So I am going to interrupt my series on fashion for a small drama in the continuing saga of living with a teenage boy. Please let me warn readers now that there will be graphic content that may be disturbing to your stomach.
I have by now become quite aware of the forgetful power of the teenage boy brain. I am equally aware of the reputation that these once loving, helpful and sweet little boys all have once they turn into the dreaded teenager. An acquaintance was visiting my mother and summed it up perfectly with, “He’s 15. Enough said. I completely understand.” as my mother was sharing that she had a 15 year old grandson. The stories of “I don’t know” and “I forgot” and so many oh so common phrases out of the teenage boy mouth are shared quite frequently between us and our friends in similar desperate situations. And I do mean desperate…what once were functioning active and contributing members of our households have turned into monosyllabic creatures with diminished brain capacity and an attention span and memory of a gold fish equipped with the attitude of a porcupine and grizzly bear combined. And yet, we give these mind boggling boys a license to drive a certified weapon…so really who is the one with diminished brain capacity there.
I do love my son greatly and I know my husband does and so does any parent to a teenage boy BUT as I say on another blogger’s page, “Mothers of teenage boys know why animals eat their young.” I have not had the blessing of a girl and I hear that they are a-whole-nother set of frustrations. But I am here to tell you, if it were not for Ms. Clairol and my hairdresser, I would be white haired by now! There is definitely preponderance more of gray than when I first met my son. And frankly it’s a wonder I have any hair left because what little patience I have (remember I keep telling God I’m not going to be learning that one this time around, so he gave me a teenage boy) has all but gone out the window on many an occasion. And I think he is actively trying to make my husband and me bonkers – fully certifiable.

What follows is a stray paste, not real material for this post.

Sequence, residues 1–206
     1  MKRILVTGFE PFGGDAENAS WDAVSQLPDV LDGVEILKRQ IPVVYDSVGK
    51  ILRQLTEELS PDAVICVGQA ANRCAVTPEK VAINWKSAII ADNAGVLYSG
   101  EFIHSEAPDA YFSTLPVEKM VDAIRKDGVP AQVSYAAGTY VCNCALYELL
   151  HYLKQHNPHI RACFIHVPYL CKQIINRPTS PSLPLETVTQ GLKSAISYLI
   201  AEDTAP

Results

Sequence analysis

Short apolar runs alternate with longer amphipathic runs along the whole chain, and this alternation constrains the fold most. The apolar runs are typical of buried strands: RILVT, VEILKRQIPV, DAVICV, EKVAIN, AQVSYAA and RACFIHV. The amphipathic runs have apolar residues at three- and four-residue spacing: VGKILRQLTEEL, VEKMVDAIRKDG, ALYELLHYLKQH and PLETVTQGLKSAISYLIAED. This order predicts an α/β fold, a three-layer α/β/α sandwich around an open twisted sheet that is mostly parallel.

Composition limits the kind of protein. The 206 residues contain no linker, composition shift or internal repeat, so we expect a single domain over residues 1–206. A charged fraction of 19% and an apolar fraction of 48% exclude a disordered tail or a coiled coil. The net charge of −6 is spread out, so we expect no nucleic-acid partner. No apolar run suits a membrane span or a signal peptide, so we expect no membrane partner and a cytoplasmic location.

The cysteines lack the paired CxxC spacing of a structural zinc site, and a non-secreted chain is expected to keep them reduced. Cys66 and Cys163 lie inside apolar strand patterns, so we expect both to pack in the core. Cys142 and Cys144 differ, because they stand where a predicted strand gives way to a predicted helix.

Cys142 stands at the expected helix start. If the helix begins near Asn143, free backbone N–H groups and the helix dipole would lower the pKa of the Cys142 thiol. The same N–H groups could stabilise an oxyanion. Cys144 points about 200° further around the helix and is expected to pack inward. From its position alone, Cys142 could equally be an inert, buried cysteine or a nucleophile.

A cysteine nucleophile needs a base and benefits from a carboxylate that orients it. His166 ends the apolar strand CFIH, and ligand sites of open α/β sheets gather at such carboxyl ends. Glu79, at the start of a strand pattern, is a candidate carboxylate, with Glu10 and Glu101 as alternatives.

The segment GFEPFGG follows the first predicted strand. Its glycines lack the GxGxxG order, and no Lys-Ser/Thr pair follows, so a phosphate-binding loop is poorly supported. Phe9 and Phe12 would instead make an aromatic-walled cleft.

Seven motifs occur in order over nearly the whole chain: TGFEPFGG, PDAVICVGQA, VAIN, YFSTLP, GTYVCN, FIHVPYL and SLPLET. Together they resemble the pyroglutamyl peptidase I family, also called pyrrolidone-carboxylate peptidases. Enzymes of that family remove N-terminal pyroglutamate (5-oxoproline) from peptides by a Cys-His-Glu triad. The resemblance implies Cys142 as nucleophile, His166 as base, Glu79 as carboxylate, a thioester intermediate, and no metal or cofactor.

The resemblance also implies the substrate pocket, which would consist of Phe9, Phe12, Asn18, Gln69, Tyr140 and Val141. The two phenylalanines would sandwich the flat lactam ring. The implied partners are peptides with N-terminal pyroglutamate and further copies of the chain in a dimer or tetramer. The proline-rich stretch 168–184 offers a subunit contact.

So that brings us to this weekend’s little drama and toilets. It was a toilet that started this whole drama. My mother and I had planned a fun Friday night movie and dinner night. (She’s training in gourmet cooking and I love to mooch off her lessons to learn myself.) She needed to use the restroom but instead came out to report there was a preponderance of skid marks in the toilet and asked where the stuff was to clean it. She did politely say she wasn’t sure who had used the toilet last, full well knowing it had been my son, as to help him avoid embarrassment. I on the other hand felt no shame in announcing “(Insert son’s name), you need to clean the toilet. You left it a mess…again.”
See in our house we are working extremely hard on remembering that it is a communal facility and that not everyone likes to live or operate in someone else’s mess. Small things like put your stuff away, the front entry is not a place for your helmet or fishing equipment, dishes go in the dish washer – not to be left on coffee tables, etc. – to the larger things like when you go fishing, you do not leave the worms to rot and die in your fishing box where the decaying order permeates the garage and house as to asphyxiate the rest of us who live there. And no, just because it doesn’t bother you doesn’t mean the rest of us want to smell that nasty odor.